Oi Oi Saveloy, and at some point it becomes a problem.
See, resistance has become an absolute these days. I'm sitting in the press tent at Latitude Festival and I can't help looking round the room and thinking - check out the state of these poseurs. One dude walking about like he's Jesus, top off and neon pink shorts, flowers in his heart. And another with a big old camera (that lens is suggesting a penile insecurity, son), and a cashmere jumper.
I can't wait until one gets sunstroke and the other heat exhaustion. It's going to be hilarious.
Anyway, last night I saw that Christeene. I'm a bit of a fan. Christeene bangs on about erasing gender, smelly arses getting licked and dirty sex fun. It's all very Dionysian, very queer and reuses to be reduced to a simple resolution.
In the moment, I exalt in the libidinal revolution and recognise, briefly, a community of queers together in a space: not safe, but feeding their difference, being together and having it large. And between the down and dirty songs, Christeene makes speeches that affirm the primacy of desire, the right to be and want, the special nature of the live experience. Plus the beats are down and dirty, southern hip hop and that snake-like electronic bass beat that ripples up the spine.
Only it feels like a movement and I'm not anyone's follower. Christeene says 'you are all here, looking at me,' and I roll a cigarette. Christeene says that men are too busy wearing uniforms and I'm thinking about the cut of the suit I bought in the charity shop. Sometimes it feels like this is just another 'us' to set against 'them' and then, I don't give a shit.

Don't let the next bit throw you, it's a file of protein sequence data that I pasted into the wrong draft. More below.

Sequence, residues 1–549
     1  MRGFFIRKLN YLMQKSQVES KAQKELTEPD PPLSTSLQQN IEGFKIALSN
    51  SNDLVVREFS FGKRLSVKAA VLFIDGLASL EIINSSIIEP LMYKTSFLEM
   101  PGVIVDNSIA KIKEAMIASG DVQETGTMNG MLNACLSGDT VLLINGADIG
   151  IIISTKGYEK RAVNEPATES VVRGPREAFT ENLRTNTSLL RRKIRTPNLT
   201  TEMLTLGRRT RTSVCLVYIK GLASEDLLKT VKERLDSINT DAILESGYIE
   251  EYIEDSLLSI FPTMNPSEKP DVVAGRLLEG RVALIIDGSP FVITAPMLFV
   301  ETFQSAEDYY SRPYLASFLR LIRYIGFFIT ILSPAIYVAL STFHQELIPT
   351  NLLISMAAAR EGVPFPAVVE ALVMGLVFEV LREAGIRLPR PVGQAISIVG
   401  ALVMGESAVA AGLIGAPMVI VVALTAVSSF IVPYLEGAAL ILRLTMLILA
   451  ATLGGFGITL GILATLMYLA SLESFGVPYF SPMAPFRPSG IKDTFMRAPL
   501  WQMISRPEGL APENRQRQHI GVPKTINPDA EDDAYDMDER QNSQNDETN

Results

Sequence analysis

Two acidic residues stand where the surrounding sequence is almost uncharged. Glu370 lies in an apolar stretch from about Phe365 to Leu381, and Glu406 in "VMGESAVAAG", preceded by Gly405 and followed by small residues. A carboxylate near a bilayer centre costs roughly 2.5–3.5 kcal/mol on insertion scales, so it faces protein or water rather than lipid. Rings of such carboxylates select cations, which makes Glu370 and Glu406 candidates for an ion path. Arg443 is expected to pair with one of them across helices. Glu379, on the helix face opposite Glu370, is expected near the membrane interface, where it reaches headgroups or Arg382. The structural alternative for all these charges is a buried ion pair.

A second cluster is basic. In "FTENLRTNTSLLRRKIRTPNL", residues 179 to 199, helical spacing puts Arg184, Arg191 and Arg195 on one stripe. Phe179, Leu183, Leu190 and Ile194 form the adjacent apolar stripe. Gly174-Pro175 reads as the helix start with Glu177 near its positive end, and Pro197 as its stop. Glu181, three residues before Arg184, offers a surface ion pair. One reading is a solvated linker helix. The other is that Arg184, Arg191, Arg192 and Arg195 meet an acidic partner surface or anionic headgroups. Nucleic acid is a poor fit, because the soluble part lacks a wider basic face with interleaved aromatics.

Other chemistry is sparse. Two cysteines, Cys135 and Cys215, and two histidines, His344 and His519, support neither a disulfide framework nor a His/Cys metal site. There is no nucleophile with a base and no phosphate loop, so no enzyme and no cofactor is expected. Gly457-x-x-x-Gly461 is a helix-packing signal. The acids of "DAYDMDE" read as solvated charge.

Of course, that's some real queer heat Christeene is raising. It's the unacceptable alongside the liberatory. If I don't disagree it isn't queer... maybe there's a bit of me that needs to resist, that can't let go, but somehow the queer has to contradict itself, it has to be unstable, only capable of existing in perfect balance for a brief moment before it collapses.
Christeene's never going to reach beyond the devoted. Half the room clears when the dancers leap on stage. They know that they re the 'them' that Christeene's 'us' is going to threaten. And sometimes I feel like the privilege I play the rest of the time is threatened in this room, in this moment.
Just to be clear, in the moment, Christeene is an aesthetic joy and hell, art's supposed to make you think. And Emma Goldman could dig this - this is a dancing revolution. Only, if I have to march, or fly the freak flag, it isn't my revolution.
I'd rather sit back and snipe. And that's where it is a problem. Does the critical mind, in the end, devour itself? Do I demand that all art becomes as critical as my art? Is questioning more important, and the only thing I consider possible.
Go on. Tell me I just don't get it.